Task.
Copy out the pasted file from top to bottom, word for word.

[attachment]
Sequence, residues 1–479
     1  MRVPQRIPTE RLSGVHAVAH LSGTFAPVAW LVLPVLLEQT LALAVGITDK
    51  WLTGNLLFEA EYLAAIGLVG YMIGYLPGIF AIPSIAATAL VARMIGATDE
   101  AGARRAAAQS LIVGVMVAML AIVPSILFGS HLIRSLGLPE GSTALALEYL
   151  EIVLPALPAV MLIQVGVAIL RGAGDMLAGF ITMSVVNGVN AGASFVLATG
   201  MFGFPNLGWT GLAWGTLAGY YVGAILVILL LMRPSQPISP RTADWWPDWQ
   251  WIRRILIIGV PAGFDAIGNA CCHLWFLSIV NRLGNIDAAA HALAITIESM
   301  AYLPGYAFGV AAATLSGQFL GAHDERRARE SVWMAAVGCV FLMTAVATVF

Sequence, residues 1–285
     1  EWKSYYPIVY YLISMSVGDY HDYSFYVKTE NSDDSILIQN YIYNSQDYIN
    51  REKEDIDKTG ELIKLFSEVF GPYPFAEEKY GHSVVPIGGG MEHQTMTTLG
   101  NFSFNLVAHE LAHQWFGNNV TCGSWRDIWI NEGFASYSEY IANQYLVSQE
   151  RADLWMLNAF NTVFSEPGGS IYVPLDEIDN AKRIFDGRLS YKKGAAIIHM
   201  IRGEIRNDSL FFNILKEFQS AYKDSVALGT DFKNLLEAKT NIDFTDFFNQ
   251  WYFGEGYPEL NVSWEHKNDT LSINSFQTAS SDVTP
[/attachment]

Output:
Sequence, residues 1–479
     1  MRVPQRIPTE RLSGVHAVAH LSGTFAPVAW LVLPVLLEQT LALAVGITDK
    51  WLTGNLLFEA EYLAAIGLVG YMIGYLPGIF AIPSIAATAL VARMIGATDE
   101  AGARRAAAQS LIVGVMVAML AIVPSILFGS HLIRSLGLPE GSTALALEYL
   151  EIVLPALPAV MLIQVGVAIL RGAGDMLAGF ITMSVVNGVN AGASFVLATG
   201  MFGFPNLGWT GLAWGTLAGY YVGAILVILL LMRPSQPISP RTADWWPDWQ
   251  WIRRILIIGV PAGFDAIGNA CCHLWFLSIV NRLGNIDAAA HALAITIESM
   301  AYLPGYAFGV AAATLSGQFL GAHDERRARE SVWMAAVGCV FLMTAVATVF

Sequence, residues 1–285
     1  EWKSYYPIVY YLISMSVGDY HDYSFYVKTE NSDDSILIQN YIYNSQDYIN
    51  REKEDIDKTG ELIKLFSEVF GPYPFAEEKY GHSVVPIGGG MEHQTMTTLG
   101  NFSFNLVAHE LAHQWFGNNV TCGSWRDIWI NEGFASYSEY IANQYLVSQE
   151  RADLWMLNAF NTVFSEPGGS IYVPLDEIDN AKRIFDGRLS YKKGAAIIHM
   201  IRGEIRNDSL FFNILKEFQS AYKDSVALGT DFKNLLEAKT NIDFTDFFNQ
   251  WYFGEGYPEL NVSWEHKNDT LSINSFQTAS SDVTP